Local summer sweet corn is at its peak
From the grocery stores to roadside stands to the weekly farmers markets, everyone is selling corn on the cob. And it’s not only on the menu; you’ll find corn is used in almost everything. From plastic dispenser bottles to the hand cleanser inside to the ethanol in your car’s gas tank to the glue holding the flaps of your morning cereal box. Not only do we humans enjoy eating corn, but it’s also widely used as livestock feed.
As the demand for corn has increased through the years, the number of different varieties of corn has become smaller. Today, flour corn is grown primarily in South America for the production of corn flour. Waxy corn (the result of a naturally occurring genetic mutation) was originally discovered in China and is now widely produced for a range of applications: food thickeners and stabilizers; adhesives for tape and envelopes; and animal feed.
Dent corn or field corn has high starch and low sugar content. It’s usually harvested when the kernels are dry and then processed into products like corn chips and tortillas or used for animal feed. Flint corn and calico corn are the colorful corncobs typically used for autumn decorations. They’re grown for popping corn, cornmeal, hominy, polenta and grits.
Sweet corn is what you’ll find during the next several weeks at markets everywhere. Because this type has a very high sugar content, it’s picked while still immature, before those sugars turn into starch and the ears lose that signature milky creaminess. It’s available in different color varieties ranging from delicate white to deep yellow or in bicolor types that have both white and yellow kernels on the same ear.
The final type of corn under cultivation is something we call “heirloom” corn. As agricultural industrialization placed more value on standardization, most large-scale farmers produced corn to meet that demand. Heirloom corn types, like any heirloom produce, are those varieties that have almost disappeared and are not mass-produced, but grown on smaller-scale farms.
The colors of heirloom corn range widely across the rainbow from light tans and yellows to deep blues and reds. Many of them have names that recall their origins as crops of Native Americans, such as Seneca Red Stalker, Cherokee White Eagle and Hopi Turquoise. There are a number of online sites that offer seed for these and other varietals if you’d like to try your hand at growing heirloom corn.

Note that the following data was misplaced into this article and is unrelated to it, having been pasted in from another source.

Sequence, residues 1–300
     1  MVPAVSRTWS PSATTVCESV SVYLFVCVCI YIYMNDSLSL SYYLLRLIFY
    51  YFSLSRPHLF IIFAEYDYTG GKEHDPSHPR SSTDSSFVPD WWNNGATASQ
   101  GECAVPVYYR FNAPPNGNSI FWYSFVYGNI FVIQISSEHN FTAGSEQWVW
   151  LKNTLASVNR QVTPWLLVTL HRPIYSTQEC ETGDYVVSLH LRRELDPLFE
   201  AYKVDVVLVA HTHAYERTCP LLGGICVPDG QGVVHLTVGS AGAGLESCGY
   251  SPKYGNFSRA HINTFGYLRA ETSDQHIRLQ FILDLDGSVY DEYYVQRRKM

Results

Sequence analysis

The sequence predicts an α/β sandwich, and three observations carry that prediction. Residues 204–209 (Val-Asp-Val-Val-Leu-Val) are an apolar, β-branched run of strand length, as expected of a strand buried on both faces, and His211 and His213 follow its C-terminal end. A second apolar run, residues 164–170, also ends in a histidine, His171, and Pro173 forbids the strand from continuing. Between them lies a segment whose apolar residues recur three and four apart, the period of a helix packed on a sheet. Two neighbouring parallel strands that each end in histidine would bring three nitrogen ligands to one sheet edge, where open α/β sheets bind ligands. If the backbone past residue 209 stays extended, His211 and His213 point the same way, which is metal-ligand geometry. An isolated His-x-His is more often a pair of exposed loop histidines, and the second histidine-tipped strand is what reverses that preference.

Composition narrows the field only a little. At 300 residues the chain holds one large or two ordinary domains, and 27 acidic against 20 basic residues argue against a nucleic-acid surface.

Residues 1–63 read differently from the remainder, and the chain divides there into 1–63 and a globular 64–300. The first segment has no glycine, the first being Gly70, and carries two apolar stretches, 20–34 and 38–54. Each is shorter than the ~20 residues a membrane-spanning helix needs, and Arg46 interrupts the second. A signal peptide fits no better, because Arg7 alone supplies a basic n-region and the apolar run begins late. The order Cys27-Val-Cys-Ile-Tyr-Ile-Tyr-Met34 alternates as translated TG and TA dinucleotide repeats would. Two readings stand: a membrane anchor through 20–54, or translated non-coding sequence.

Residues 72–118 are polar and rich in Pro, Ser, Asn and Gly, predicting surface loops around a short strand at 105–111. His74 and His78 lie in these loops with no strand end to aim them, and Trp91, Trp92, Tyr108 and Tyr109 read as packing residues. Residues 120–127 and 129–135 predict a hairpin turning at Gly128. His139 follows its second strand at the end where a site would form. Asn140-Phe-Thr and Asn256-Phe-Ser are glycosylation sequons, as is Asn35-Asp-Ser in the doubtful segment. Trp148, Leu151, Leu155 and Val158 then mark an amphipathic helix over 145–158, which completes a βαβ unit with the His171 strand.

For those just-picked ears of local summer sweet corn, there are a number of ways to enjoy the creamy, crunchy texture of those juicy kernels. The salad in the photo could also be used as a topping for grilled chicken or fish as well as a tasty side dish for your picnic. There’s room for endless improvisation on other ingredients and no cooking necessary (avoid any recipes for corn salad that instruct you to boil the kernels first).
This one combined sliced grape tomatoes, black beans, green onion and seasonings in a lime juice and olive oil vinaigrette. The combination of textures, flavors and colors makes this a summertime favorite. If you must cook your corn kernels, use this basic recipe for a simple skillet sauté in butter. It tastes just like corn on the cob, without the work of biting across the ears in typewriter fashion.
For a more decadent presentation of fresh corn, consider stirring tender kernels into a creamy pasta carbonara. If you’re troubled about the egg yolks, replace them with egg substitute; just be generous with the Parmesan cheese.
6 ears of corn
1 C sliced grape tomatoes
2/3 C drained black beans
2 sliced green onions
2 T olive oil
2 T lime juice
1 T vinegar*
salt & pepper, to taste
Slice kernels from ears of corn. In a serving bowl, toss together corn, tomatoes, black beans and green onions. In a small bowl, whisk together olive oil, lime juice and vinegar. Drizzle with dressing and toss to coat. Season to taste with salt and pepper. Garnish with snipped chives. *Note: choose vinegar based on flavor profile desired: rice wine vinegar adds slight sweetness; apple cider vinegar adds tartness; Balsamic adds deep sweetness; red wine vinegar adds heavy acidity. Yield: 4 to 6 servings.
6 ears of fresh corn
2 T butter
salt and pepper, to taste
Cut the kernels from the ears; set aside. Melt butter in a large sauté pan over medium heat. Add corn kernels; sprinkle with salt and pepper. Cook for 3 to 5 minutes, stirring frequently until corn is heated through. Yield: 4 to 6 servings.
Corn & Pasta Carbonara
1 lb pasta
6 slices bacon, chopped
4 ears corn
3 minced garlic cloves
1 t minced thyme leaves
3 T chopped parsley
1/2 C dry white wine
3 egg yolks
1/2 C Parmesan cheese
Cook the pasta according to the package directions. Drain, reserving 1 C of the cooking liquid. Meanwhile, sauté the bacon until crisp; remove to a paper towel and set aside. Remove the kernels from the ears of corn and add to the same skillet. Cook gently for about 3 minutes. Add garlic, thyme and parsley; sauté for a minute or so. Add wine to deglaze the pan. In a small bowl, whisk the egg yolks until smooth; slowly stir in pasta water. Add the yolk mixture and the cooked pasta to the skillet and toss to combine. Remove from heat and stir in cheese. Garnish with additional Parmesan and parsley. Yield: 4 to 6 servings.